Survey ranks enterprise cloud providers: Who came out on top?

There’s no shortage of options when it comes to choosing a cloud provider. But a recent survey shows which provider is most popular for businesses. 

An IDC survey of 400 IT departments found that IBM’s cloud services ranked as the top choice for Infrastructure as a Service (IaaS) providers.

The result: IBM took the No. 1 spot, with 35% of first place votes. IBM was followed by Cisco, HP and AT&T.

Consumer cloud giants Microsoft, Google and Amazon didn’t fare quite as well. Both Microsoft and Google brought in about 16% of the votes, and Amazon carried 13%.

No right answer

Every organization has a different level of cloud penetration. And there isn’t really a one-size-fits-all solution.

And while more than half of survey respondents (52%) said they prefer one-stop shopping for cloud providers that also bundle in services like professional services, custom software and testing, etc., most companies rely on multiple providers and even multiple types of cloud services.

A recent survey by Juniper Networks found 75% of companies are planning on deploying a combination of public and private clouds – the s0-called hybrid model.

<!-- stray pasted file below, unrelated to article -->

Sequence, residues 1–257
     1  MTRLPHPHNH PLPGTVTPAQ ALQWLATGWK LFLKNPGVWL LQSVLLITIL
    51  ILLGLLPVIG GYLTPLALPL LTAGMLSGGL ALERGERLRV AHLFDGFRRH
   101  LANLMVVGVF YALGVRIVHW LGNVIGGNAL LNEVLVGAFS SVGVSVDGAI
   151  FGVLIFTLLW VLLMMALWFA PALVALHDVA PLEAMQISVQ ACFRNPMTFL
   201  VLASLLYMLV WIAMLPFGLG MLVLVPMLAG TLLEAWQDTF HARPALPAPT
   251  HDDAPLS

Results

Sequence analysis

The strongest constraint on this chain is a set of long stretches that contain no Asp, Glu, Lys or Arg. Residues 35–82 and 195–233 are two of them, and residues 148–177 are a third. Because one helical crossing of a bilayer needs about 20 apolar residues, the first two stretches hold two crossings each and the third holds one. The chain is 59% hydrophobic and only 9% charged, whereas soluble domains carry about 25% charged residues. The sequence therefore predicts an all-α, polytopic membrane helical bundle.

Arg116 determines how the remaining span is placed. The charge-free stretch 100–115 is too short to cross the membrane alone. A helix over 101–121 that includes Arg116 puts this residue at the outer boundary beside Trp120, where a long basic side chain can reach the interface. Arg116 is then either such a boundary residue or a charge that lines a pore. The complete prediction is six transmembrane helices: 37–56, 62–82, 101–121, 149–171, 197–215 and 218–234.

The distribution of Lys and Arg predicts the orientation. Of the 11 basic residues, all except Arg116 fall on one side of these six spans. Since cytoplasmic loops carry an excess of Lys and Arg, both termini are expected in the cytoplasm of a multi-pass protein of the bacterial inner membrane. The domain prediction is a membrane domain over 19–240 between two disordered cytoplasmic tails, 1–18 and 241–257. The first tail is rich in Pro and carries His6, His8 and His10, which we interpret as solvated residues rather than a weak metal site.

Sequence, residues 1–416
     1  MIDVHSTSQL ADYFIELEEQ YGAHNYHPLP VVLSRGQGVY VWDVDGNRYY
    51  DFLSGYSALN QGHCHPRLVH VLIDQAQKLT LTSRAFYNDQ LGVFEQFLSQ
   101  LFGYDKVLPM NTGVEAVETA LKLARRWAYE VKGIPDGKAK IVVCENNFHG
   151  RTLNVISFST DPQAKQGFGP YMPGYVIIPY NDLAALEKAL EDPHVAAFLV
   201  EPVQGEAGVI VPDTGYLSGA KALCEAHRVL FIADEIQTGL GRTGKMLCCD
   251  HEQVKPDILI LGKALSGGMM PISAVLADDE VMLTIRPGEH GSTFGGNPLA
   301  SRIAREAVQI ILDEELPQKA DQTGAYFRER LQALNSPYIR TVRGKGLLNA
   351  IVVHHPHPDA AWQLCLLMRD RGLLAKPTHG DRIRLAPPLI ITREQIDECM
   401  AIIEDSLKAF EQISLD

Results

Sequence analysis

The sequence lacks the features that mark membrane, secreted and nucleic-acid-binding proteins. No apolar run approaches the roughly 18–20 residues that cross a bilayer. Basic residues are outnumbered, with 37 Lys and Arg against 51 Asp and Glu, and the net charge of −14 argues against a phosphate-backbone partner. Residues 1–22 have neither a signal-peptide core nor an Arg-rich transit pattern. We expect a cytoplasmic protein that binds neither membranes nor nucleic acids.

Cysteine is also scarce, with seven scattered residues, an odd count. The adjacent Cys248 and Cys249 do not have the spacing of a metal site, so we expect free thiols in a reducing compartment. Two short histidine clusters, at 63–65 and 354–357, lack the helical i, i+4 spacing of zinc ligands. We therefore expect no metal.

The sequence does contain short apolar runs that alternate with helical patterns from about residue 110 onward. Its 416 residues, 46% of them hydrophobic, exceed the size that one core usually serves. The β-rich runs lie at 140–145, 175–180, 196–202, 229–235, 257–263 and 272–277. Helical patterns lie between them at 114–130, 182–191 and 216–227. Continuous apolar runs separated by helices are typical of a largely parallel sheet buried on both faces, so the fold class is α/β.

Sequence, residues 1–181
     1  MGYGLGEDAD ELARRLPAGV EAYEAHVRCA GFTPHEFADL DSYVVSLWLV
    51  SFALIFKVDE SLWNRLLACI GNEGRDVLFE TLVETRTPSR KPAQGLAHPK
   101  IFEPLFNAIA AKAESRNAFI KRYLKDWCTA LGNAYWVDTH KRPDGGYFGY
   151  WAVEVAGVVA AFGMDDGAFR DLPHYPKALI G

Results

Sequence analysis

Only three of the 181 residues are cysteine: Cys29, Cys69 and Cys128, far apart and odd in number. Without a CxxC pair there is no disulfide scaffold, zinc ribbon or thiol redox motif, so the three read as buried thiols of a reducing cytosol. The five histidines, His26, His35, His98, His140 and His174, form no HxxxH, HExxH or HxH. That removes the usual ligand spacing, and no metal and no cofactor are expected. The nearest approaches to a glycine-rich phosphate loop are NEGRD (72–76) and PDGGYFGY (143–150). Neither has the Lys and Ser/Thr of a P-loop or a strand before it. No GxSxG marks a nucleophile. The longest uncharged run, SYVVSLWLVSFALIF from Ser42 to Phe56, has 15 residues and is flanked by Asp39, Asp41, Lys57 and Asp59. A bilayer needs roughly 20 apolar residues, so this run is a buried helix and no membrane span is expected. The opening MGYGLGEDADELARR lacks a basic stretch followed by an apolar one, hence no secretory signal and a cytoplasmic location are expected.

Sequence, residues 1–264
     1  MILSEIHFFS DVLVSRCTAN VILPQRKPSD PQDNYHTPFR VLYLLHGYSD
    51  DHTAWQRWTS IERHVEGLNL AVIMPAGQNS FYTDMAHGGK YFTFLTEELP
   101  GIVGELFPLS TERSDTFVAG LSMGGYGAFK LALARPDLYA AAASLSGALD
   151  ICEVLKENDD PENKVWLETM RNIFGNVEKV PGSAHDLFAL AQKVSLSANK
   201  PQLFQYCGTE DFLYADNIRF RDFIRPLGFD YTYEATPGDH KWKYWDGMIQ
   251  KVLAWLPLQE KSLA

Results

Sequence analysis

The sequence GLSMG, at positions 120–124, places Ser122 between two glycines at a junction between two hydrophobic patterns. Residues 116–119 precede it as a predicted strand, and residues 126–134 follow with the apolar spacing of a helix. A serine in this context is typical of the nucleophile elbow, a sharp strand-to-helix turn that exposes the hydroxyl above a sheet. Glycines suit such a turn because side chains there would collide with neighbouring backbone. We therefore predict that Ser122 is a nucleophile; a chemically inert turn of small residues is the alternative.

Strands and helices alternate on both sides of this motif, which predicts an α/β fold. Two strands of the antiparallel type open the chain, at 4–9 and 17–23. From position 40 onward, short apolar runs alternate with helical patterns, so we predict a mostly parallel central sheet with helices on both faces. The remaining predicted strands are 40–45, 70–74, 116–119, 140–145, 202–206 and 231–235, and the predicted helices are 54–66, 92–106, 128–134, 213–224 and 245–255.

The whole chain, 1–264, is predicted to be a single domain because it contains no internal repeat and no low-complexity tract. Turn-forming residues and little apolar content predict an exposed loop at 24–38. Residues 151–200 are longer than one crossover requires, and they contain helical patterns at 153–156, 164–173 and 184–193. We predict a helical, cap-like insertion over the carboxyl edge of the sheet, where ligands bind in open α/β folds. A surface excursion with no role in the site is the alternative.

But with multiple providers to choose from, how can you be sure you’re getting the best deal and best service possible?

Here are 7 keys to help you out.

7 tactics to try

  1. Form a team. We recently covered NASA’s Jet Propulsion Laboratory’s approach to cloud providers. Essentially, it involves bringing in representatives from each department, then having them evaluate potential providers on their own terms.
  2. Watch for start-ups. A start-up provider could be a great opportunity to save some money and be a big fish in a little pond. But be careful, many have the end goal of getting you sucked in and stuck with a situation where it’s too painful to get out, according to CITEWorld.
  3. Pit them against each other. When evaluating a deal from one provider, there’s no reason not to go to others and ask them to match terms.  If they want you bad enough as a customer, providers will rewrite contracts.
  4. Read the contract carefully. On that note, make sure contracts cover all the important bases – including up-time and who will be responsible in the event of a data breach or outage.
  5. Scalability matters. It’s hard to know how much you’ll need before a cloud project starts. Make sure you’re able to scale up to add more services or down to fewer if needed.
  6. Use industry contacts. Trusted colleagues will be happy to share stories of the best providers they’ve worked with … and more than happy to talk about the worst ones.
  7. Diversify. The more vendors you try out and use, the better the chances of finding the right fit. If you need to start out big, then winnow down to the best of the best, that can give you a better idea of who the primary provider should be.

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